As I write this, it is 4 am in the morning and I cannot sleep; I am far too excited for BT Vancouver in four hours. I feel like a kid at Christmas; but with a little more appreciation for the wonderful opportunity I have been given. Truth be told, I was awake at 2 am but after finishing my book, taking a shower and touching up my manicure, I thought that I could use this time more usefully. So here I am, writing about Moroccan Stew at 4am in the morning.

I know what you’re thinking “Bianca, you’ll regret not sleeping”; and in a few hours I may agree with you, but for now I want to talk about this stew.

This is one of those stick to your ribs kind of meals that full of flavor and spice; but not spice for spice sake. Oh no, the spice in this dish provides a complexity of flavors that as you continue to eat they develop more on your palate. What’s more, this stew is chocked full of vegetables, which helps to keep Ms. Digestion happy and in working order. And the crowning jewel of this dish is, hands down, sweet potato.

Sweet potato, although the name would suggest, is in fact not related at all to the potato; it is a member of the morning glory family. They’re sweet, dark and one of the oldest vegetables known to man; having been around since prehistoric times; not many vegetable can say that they kicked it with T-Rex.

This starchy carbohydrate is high in fiber, half of which is soluble, and an incredibly rich source of beta carotene; a powerful antioxidant in the carotenoid family. And you know I am a heart health warrior and, if you’re like me, then sweet potatoes should be kept in your back pocket; as they are loaded with vitamin A and heart healthy potassium and a smidge of calcium. If that weren’t enough to convert you into a lover of this sacchariferous root vegetable, a medium sized sweet tater has a modest 103 calories! Whatever you do, DON’T forget to eat the skin- it’s the best part and contains the most fiber.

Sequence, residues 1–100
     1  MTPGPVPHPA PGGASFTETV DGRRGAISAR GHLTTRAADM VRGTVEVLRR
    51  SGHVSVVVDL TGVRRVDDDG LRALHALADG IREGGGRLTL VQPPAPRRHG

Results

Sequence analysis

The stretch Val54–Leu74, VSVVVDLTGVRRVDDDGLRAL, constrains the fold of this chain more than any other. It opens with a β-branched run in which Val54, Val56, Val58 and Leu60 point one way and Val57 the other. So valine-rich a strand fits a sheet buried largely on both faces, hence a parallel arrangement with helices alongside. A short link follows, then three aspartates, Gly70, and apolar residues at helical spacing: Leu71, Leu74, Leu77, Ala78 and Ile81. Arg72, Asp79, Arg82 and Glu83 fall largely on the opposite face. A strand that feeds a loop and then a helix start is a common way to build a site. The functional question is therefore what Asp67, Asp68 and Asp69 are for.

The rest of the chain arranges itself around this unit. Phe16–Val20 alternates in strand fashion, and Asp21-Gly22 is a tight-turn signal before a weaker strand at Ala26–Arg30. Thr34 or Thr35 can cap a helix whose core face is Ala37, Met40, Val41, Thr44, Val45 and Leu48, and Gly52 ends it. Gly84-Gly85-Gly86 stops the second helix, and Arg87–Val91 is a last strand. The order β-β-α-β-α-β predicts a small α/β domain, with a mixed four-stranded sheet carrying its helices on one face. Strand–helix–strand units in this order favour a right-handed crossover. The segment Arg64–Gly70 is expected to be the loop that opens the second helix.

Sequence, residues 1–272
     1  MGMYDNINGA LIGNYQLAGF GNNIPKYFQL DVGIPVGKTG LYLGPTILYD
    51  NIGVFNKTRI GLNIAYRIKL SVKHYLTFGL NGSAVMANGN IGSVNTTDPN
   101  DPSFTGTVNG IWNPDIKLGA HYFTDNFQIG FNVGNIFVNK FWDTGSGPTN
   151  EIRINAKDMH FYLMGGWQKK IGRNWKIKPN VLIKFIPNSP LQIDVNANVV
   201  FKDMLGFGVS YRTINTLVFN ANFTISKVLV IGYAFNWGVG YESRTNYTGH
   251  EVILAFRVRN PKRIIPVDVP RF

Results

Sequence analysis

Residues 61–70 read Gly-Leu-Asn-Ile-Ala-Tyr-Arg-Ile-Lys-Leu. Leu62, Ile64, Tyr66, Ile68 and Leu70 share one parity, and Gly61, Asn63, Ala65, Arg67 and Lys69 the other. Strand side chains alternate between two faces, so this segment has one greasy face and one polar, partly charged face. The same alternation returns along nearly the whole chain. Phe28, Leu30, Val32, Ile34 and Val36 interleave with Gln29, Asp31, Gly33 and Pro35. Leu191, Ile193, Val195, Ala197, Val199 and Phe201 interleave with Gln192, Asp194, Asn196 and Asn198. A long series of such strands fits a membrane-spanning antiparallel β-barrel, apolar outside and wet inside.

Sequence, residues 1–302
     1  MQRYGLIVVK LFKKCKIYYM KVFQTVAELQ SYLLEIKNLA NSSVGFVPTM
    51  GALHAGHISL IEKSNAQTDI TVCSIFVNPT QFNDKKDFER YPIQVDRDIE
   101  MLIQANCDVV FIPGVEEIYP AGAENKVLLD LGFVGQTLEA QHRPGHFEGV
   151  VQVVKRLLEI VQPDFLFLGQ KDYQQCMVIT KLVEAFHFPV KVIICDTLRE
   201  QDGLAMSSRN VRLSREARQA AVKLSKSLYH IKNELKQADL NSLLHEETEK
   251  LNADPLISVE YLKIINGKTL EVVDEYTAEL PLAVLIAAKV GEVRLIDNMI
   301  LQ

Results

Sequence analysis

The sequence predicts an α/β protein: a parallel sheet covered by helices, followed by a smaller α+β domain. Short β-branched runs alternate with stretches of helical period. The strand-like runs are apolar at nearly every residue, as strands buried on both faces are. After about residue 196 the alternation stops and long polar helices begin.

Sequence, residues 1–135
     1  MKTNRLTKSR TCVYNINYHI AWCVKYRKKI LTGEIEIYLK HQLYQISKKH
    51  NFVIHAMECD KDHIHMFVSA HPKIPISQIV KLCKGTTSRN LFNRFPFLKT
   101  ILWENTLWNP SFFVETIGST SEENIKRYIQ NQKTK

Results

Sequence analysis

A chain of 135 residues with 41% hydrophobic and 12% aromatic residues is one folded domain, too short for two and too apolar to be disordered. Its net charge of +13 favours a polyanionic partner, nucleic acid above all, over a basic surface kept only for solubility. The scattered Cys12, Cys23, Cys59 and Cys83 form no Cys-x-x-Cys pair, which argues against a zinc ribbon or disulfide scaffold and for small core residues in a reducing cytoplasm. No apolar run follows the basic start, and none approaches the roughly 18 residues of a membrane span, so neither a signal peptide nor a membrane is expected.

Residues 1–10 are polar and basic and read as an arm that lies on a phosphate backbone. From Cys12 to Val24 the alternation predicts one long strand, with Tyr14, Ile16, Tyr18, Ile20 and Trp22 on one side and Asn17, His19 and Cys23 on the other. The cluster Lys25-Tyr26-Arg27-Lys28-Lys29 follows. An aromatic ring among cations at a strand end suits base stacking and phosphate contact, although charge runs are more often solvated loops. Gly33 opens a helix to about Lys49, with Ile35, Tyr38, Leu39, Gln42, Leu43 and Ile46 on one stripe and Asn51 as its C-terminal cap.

There are two different types of sweet potatoes; moist (orange fleshed) and dry (yellow fleshed); both are delicious. However, the moist fleshed variety are often called yams, which is a misnomer, as true yams are a large root vegetables with origins in Africa; so whether moist and orange or yellow and dry, the health benefits are the same!

In this dish the sweet potato tempers the heat from the spices with its characteristic sweetness; and as they break down during cooking they serve to thicken the broth and elevate this to a true stew. This is the perfect meatless meal; however, for the diehard carnivores among us, customization is welcome, simply by adding diced chicken to the pot with the spices and allowing the chicken to brown we make this meatless meal, meaty.

This is one of those dishes that gets better with age; on the second and even third day the “ooohs” and “aahhhh” will be discernible from the down the street!

Serves 4

2 tbsp coconut oil

3 cloves garlic, minced

2 tbsp ginger, peeled and minced

½ tsp chili pepper flakes

½ tsp cinnamon

½ tsp turmeric

½ tsp ground cumin

¼ tsp freshly ground pepper

¼ tsp allspice

¼ tsp ground coriander

1 large sweet potato, peeled and diced

1 medium zucchini, diced

2 carrots, peeled and diced

¼ small head of green cabbage, shredded

1-19 oz can chickpea, drained and rinsed

1 tsp sea salt

½ cup fresh mint, chopped

*2 chicken breast, cubed

Heat the oil in a large stock pot over medium heat, add the garlic, ginger, chili flakes, cinnamon, turmeric, cumin, pepper, allspice, coriander and chicken (optional). Stir for 5 minutes or until lightly browned. Add the sweet potatoes, zucchini, carrots and cabbage. Pour in enough water or vegetable stock to cover the vegetables, about 5 to 6 cups.

Cover and cook for 25-30 minutes, or until vegetables are tender but not completely cooked. Ladle out 1 ½ cups of the vegetables and 1 ½ cups of the broth and puree in a blender until thick. Return to the remaining stew.

Mix in the chickpeas and add the salt, bring to a simmer. Cook, covered, for an additional 10-15 minutes. Stir in the mint and serve over quinoa or bulgur wheat.